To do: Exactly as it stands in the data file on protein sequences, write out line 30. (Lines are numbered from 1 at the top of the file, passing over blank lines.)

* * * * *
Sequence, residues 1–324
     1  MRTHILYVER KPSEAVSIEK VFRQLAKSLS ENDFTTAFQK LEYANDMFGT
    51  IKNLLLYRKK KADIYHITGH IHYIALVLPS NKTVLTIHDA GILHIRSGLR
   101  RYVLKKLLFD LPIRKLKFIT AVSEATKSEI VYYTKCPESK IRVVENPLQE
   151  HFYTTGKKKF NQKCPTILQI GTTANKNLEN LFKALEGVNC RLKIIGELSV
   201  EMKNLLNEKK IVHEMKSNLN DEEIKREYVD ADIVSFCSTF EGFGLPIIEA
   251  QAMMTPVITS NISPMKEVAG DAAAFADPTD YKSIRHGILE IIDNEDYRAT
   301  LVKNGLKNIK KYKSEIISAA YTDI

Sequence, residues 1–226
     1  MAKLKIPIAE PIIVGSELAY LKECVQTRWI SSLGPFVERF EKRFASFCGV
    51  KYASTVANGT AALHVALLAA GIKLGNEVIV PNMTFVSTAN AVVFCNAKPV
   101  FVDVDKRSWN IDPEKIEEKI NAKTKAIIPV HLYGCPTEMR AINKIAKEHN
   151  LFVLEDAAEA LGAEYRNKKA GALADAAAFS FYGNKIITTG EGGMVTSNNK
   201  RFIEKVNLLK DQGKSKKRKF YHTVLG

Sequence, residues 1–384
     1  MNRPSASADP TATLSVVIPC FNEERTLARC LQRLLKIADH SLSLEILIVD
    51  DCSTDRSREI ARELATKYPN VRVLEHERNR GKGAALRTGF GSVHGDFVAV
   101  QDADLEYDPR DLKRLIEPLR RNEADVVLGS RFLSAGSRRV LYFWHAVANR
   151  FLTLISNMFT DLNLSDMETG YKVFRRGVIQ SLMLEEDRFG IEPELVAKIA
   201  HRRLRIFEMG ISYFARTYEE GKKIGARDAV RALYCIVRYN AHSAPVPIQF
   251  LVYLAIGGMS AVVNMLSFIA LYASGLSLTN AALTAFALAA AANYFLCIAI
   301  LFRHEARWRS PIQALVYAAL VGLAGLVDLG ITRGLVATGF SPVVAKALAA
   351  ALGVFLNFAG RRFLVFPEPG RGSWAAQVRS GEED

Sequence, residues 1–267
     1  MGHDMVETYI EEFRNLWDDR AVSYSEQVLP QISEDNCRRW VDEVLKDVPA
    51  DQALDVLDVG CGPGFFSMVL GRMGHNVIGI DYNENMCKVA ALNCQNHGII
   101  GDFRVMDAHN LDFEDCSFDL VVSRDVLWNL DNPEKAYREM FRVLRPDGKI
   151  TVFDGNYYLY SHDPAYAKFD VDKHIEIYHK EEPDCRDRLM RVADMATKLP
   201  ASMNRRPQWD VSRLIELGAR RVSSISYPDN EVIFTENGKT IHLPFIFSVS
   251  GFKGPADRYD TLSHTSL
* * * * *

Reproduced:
   251  GFKGPADRYD TLSHTSL